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China’s rebar hits seven-and-a-half-year high, iron ore at record peak

China’s steel futures on Monday surged on a seasonal upturn in demand, lending support to prices for steelmaking raw materials, including iron ore, which extended a record-breaking rally fuelled by worries over tightening supply.
The most active construction steel rebar contract on the Shanghai Futures Exchange rose for a sixth straight session by as much as 4.8 percent to 3,755 yuan ($559) a tonne, before ending 4.1 percent higher at 3,730 yuan. That was the highest close for the benchmark in seven-and-a-half years, or since September 2011.
Hot rolled coil, used for cars and home appliances, climbed 3.1 percent to 3,944 yuan a tonne.
“The physical prices of steel have also increased over the last few days, driven by the seasonal demand improvement,” said Richard Lu, senior analyst at CRU Group’s Beijing office.
China steel demand typically picks up at the end of the winter, with April usually the peak month as industrial and other activity starts back up as temperatures warm.
Demand has also risen as construction activities have picked up, and there is also buying as China is set to roll out more infrastructure projects, Lu said.
As steel demand in China rises, production restrictions in the nation’s biggest steelmaking cities of Tangshan and Handan have been extended, providing further support to steel prices.
Lu said a review by CRU of government documents on the extension of output curbs showed the restrictions in the second quarter, while “less strict” compared with the winter season impositions, are “stricter year-on-year”.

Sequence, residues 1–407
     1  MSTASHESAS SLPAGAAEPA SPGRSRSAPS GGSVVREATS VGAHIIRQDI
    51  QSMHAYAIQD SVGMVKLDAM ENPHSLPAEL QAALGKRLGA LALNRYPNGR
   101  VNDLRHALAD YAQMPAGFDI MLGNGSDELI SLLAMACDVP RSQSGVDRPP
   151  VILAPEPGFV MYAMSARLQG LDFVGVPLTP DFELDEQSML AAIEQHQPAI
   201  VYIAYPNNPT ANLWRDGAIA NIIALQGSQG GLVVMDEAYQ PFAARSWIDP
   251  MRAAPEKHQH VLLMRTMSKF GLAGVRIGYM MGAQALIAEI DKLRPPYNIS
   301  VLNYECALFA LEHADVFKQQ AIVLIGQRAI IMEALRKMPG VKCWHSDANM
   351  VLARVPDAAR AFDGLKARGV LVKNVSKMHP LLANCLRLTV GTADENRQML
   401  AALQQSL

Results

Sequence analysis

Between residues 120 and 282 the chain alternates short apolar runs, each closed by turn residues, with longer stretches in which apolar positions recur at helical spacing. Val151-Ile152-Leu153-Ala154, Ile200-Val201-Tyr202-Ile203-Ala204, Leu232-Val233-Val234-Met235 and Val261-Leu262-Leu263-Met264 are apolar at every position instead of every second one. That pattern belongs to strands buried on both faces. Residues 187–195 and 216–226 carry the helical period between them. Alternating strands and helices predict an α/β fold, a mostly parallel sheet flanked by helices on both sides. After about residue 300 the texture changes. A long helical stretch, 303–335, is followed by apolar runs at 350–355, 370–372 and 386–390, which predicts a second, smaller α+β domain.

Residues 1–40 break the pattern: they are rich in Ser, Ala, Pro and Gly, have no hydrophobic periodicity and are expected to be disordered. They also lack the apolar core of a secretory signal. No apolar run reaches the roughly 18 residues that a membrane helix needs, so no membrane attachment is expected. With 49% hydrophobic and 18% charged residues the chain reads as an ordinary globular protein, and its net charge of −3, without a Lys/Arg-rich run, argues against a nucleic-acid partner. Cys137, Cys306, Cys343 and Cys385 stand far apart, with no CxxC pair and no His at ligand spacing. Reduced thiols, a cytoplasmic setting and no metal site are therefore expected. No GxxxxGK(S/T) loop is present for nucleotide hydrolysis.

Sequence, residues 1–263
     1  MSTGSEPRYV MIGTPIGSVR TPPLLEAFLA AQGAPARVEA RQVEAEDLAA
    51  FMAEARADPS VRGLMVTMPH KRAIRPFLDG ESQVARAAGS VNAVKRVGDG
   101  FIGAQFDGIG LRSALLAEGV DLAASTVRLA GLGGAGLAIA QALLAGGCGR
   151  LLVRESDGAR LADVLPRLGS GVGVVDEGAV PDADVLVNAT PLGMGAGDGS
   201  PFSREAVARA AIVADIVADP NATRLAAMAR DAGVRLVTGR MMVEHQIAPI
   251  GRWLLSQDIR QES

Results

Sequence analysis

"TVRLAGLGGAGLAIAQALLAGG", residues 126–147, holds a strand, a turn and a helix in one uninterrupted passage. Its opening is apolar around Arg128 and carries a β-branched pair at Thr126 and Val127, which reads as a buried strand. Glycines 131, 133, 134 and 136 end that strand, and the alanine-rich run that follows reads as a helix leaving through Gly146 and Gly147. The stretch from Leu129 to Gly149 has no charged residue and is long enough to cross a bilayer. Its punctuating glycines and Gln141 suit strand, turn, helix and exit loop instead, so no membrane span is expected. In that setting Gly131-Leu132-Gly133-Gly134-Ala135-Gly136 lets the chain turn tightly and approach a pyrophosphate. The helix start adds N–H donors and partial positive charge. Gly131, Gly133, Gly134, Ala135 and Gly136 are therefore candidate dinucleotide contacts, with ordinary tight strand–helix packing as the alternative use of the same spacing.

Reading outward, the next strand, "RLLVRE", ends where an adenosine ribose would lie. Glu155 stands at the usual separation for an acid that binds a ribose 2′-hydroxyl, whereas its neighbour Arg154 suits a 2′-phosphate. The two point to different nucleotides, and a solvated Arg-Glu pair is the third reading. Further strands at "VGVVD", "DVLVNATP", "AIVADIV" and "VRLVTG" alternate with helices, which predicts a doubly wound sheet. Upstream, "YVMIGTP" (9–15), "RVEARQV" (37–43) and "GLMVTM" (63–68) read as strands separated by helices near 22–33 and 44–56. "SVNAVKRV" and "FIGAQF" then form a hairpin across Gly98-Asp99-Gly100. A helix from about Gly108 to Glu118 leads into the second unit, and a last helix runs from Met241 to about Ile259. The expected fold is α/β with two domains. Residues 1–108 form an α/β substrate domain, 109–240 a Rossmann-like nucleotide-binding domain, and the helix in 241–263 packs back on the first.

“However, what’s important is how well these restrictions will be executed,” he said.
Despite output restrictions during winter, China’s average daily steel production in January to February reached 2.54 million tonnes, up from 2.46 million tonnes in December and 2.32 million tonnes in the same months last year.
Air pollution in 39 smog-prone northern Chinese cities soared in February, making it increasingly unlikely they will meet their annual winter air quality targets, based on Reuters analysis of official data.
With steel mills resuming production to rebuild stocks and fill buy orders, demand for steelmaking ingredients such as iron ore and coking coal has also improved.
The most traded May 2019 iron ore contract on the Dalian Commodity Exchange soared as much as 4.8 percent to 715 yuan a tonne, highest for the Asian benchmark since 2013, when the futures contract was launched.
The iron ore contract gained nearly 10 percent last week, its best performance since the last week of January, as declining shipments from Brazil and Australia amid higher demand from Chinese steel mills tightened supply.
Iron ore shipments to China from Australia’s Port Hedland terminal, the world’s biggest iron ore port, fell more than 8 percent in March from a month earlier, port data released on Friday showed.
Spot 62-percent grade iron ore for delivery to China rose 1.6 percent on Thursday last week to $93 a tonne, before a three-day weekend for China’s financial markets, according to SteelHome consultancy.
Coking coal on Monday rose 1 percent to 1,258.5 yuan a tonne, and coke climbed 1.4 percent to 2,048.5 yuan.
Source: Reuters
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